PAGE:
Supervised, Unsupervised, And Semi-Supervised Learning With Real-Life Usecase

In our previous article (here), we discussed the classification of the Machine Learning models on five different bases. Based on the nature of input data that we provide to the machine learning algorithms, machine learning can be classified into 4 major categories.

  • Supervised Learning
  • Unsupervised Learning
  • Semi-Supervised Learning
  • Reinforcement Learning

Key questions that are being answered in this blog

  • What are Supervised, unsupervised, semi-supervised, and Reinforcement Learning? How are they related to each other? Why are these terms named "Supervised" and "Unsupervised"?
  • How classification, regression, or clustering algorithms are linked with supervised and unsupervised learning?
  • What are the famous algorithms associated with supervised or unsupervised approaches? Why are most real-life scenarios more likely to be related to semi-supervised learning?

Let’s start and dive deeper into these categories without any further delay.

Supervised Learning

Supervised Learning is a category in which we feed labeled data as input to the machine learning model.

supervised learning example image

The input and output values are already known, and the machine learning algorithm learns the mapping function. Mathematically, for Y as the Output and X as the input, machine learning algorithms try to find the best mapping function f such that Y = f(X).

If you observe closely, learning happens like some supervisor is supervising the process of the learning. We already know the answers; hence algorithms try to map the function so that the predicted answers must be close to the actual answers. Let’s say the machine has learned a mapping function f predicting the values Y’ for every X. Once the difference between predicted (Y’) and actual (Y) goes below a certain threshold, in simple terms, we can say that when the errors become negligible. It means model performance is not improving further and hence learning stops.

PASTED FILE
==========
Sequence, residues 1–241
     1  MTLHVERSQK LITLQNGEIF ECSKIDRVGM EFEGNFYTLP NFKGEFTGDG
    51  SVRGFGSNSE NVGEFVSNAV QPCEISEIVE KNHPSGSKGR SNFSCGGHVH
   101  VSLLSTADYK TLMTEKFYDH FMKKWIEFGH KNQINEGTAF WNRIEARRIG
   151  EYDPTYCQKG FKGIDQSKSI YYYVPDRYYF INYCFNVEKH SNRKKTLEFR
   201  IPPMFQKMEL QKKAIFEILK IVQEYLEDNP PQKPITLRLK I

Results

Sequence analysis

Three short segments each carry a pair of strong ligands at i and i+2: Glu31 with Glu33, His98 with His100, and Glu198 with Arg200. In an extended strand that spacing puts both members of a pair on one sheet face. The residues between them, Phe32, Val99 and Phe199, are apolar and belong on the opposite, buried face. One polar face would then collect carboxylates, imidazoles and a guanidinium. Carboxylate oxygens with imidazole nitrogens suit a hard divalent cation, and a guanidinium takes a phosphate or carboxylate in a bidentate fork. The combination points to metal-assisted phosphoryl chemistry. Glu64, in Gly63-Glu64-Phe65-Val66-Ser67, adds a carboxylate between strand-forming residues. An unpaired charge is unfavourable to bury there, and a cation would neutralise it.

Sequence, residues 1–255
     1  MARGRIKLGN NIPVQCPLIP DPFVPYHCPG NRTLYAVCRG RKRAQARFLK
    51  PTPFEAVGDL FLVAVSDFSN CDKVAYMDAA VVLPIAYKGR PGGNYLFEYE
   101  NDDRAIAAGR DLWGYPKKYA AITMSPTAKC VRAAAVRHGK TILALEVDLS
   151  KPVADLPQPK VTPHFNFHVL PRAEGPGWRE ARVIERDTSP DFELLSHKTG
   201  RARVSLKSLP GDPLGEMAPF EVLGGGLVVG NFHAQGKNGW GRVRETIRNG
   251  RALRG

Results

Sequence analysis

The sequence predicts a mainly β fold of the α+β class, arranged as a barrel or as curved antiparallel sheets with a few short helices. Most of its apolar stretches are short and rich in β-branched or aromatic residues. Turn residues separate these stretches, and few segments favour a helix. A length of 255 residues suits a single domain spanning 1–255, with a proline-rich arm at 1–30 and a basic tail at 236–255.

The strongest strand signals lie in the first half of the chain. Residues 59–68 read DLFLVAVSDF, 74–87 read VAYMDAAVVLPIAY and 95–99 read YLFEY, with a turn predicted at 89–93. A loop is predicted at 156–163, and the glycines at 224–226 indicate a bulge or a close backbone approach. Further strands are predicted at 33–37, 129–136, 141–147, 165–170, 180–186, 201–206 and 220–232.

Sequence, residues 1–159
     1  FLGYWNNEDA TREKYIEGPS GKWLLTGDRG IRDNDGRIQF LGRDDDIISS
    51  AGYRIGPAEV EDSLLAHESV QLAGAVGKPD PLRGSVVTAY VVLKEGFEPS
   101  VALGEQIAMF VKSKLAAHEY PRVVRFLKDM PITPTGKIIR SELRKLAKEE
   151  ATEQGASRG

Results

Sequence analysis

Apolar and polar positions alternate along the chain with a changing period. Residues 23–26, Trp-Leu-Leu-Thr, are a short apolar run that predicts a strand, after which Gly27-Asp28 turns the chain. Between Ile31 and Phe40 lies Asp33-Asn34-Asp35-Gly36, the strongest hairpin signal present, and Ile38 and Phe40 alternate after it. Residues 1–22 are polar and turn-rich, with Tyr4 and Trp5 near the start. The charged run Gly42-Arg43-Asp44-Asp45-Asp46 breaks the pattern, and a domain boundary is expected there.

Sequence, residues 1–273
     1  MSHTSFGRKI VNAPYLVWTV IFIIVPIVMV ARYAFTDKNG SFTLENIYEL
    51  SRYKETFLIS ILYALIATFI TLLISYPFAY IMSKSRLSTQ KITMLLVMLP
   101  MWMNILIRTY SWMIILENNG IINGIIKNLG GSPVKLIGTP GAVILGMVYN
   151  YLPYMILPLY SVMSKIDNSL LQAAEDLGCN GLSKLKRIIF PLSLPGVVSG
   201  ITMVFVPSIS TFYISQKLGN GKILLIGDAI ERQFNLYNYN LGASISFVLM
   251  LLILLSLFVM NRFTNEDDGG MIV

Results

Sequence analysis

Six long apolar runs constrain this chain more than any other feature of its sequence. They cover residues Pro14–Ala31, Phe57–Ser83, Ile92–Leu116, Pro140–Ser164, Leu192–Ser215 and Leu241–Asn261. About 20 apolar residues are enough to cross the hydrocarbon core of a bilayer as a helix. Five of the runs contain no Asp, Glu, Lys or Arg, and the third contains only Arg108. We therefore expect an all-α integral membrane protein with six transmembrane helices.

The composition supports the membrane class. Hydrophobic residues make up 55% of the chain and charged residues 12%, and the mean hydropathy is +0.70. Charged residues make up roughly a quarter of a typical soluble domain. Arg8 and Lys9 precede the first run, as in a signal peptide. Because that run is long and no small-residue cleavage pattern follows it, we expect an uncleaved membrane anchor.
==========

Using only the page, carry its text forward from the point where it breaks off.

Supervised learning can be further categorized as:

  1. Classification: Taking the example of the below image, images of shapes are the input to the machine learning model, and labeling of those images as shape names (This process is called an annotation) is the output data. Based on these input and output data, the model learns to predict the category of unseen image data, whether it is a rectangle, circle, triangle, or hexagon.

Supervised learning example image 2

2. Regression: Taking the example of the below image, there is the experience (in years) on the X-axis. For every experience, there is one salary (per month Rupees) on the Y-axis. Green dots are the coordinates (X, Y) in the form of Input and Output data. The regression problem tries to find the continuous mapping function from input to output variables. 

In the below image, if the order of the mapping function is fixed to 1, which is a linear function, the model will learn the black line shown in the image.

Regression Example

Some famous use cases of Supervised Learning are:

  • Object detection and Image Classification: Find whether a cat is present in the image or not, if yes then find the location of the cat in that image.
  • Recommendation systems: If someone has bought a new home, automatically suggest new furniture as most people bought them together.
  • Time Series prediction: If the last three days' atmosphere temperature of India was 21°C, 22°C, and 21°C respectively then what would be the temperature for tomorrow?

Some Frequently used algorithms in Supervised Learning

  • Linear & Logistic Regression
  • SVM (Support Vector Machines)
  • Random Forest

Unsupervised Learning

Unsupervised learning is a category of machine learning in which we only have the input data to feed to the model but no corresponding output data.

Unsupervised learning example image 1